Fire is a particularly powerful theme in Australian history. Paul Collins wrote in Burn: the Epic Story of Bushfire in Australia, about how Australians have been shaped by fire. Keith Hancock and Bill Gammage have written about fire in aboriginal culture. Tom Griffiths has put fire in historical context. ‘Testimony from the 1939 and 2009 fires suggests’, says Griffiths, ‘that there is one thing that we never seem to learn from history. That is, that nature can overwhelm culture.’
Charles Bean felt that being good at fighting bushfires was one of the attributes of his idealised Anzacs. ‘It was a fact often observed’, Bean said, ‘that in a ship-wreck or bush-fire one man of British stock could compass the work of several Germans; and this capacity the Australian possessed in an extreme degree’. (CEW Bean, Official history of Australia in the war of 1914-18: Vol. 1 The story of Anzac, Angus & Robertson, 9th edition, Sydney, 1939, p. 5.)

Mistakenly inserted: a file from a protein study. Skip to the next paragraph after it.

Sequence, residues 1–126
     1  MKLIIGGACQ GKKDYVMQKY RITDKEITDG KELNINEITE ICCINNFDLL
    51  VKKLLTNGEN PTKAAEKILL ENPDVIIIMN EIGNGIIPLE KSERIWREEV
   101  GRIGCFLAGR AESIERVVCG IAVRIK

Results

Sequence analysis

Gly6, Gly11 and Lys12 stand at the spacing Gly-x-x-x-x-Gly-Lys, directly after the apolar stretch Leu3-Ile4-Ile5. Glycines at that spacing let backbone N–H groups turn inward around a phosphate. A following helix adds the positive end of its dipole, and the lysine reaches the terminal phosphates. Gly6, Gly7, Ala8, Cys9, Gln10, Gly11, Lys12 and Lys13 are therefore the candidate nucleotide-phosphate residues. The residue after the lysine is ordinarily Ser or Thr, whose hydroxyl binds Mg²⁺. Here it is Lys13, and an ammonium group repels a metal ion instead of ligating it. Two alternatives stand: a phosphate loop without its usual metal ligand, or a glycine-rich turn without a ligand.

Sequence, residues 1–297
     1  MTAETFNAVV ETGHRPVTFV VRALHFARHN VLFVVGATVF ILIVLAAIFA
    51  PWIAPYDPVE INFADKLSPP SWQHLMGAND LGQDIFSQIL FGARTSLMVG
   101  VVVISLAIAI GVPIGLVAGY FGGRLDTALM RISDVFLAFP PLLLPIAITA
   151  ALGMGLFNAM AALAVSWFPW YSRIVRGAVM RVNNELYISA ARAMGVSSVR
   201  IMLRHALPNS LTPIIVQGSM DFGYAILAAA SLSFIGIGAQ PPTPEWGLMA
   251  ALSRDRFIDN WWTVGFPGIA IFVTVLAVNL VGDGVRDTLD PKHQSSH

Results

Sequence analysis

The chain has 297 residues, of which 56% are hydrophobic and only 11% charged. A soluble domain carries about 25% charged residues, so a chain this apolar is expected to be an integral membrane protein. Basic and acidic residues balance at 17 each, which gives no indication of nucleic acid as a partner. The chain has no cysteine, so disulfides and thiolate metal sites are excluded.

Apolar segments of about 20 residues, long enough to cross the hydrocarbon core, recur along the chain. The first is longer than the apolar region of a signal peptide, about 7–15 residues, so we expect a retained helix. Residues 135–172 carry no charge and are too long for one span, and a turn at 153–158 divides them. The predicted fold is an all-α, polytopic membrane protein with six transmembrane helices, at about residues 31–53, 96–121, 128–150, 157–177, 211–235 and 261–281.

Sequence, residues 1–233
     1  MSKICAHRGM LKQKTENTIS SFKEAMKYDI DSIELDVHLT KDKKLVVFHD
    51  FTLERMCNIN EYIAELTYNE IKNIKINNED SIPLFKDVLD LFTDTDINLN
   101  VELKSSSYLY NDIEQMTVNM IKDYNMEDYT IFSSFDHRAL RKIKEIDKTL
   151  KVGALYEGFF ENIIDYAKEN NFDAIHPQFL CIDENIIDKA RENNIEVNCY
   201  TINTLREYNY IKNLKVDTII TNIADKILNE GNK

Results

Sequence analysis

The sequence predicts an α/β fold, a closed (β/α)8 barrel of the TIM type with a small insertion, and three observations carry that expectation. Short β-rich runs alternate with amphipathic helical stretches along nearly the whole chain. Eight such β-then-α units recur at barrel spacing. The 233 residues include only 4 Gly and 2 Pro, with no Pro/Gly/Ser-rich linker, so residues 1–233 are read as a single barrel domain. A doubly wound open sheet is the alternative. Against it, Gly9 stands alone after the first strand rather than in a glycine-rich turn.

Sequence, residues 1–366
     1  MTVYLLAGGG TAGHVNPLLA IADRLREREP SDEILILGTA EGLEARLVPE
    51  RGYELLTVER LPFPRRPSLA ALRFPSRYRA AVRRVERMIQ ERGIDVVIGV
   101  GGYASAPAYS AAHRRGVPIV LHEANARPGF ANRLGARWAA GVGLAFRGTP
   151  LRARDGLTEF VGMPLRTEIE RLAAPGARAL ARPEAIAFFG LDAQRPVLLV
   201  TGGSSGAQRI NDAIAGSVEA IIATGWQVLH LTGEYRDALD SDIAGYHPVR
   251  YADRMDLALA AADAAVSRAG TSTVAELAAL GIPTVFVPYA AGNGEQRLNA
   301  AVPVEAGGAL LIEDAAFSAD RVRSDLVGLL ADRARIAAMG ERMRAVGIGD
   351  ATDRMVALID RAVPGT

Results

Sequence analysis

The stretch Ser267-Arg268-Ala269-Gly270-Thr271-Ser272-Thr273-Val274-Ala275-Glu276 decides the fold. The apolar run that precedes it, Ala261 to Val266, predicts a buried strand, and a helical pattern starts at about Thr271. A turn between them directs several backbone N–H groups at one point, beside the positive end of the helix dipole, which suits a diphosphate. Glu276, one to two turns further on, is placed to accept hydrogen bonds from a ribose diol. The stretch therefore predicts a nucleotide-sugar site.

In our time, firefighters and emergency services workers have been seen as modern day exemplars of ‘the Anzac spirit’ although one would have thought that the professionalism and courage needed in that dangerous line of work do not need to be bolstered by reference to a military tradition. Conversely, a tradition that may be appropriate in the services seems to sit rather oddly in this civilian sphere.
It is worth comparing the effects of fire and the effects of war. Ten times as many Australians died on Black Saturday 2009 in Victoria as died at Long Tan (Vietnam) in 1966 and nearly six times as many as at Kapyong (Korea) in 1951. The circumstances are different but the damage is no less real. The impacts on individuals and families are evident in both spheres.
12 August 2014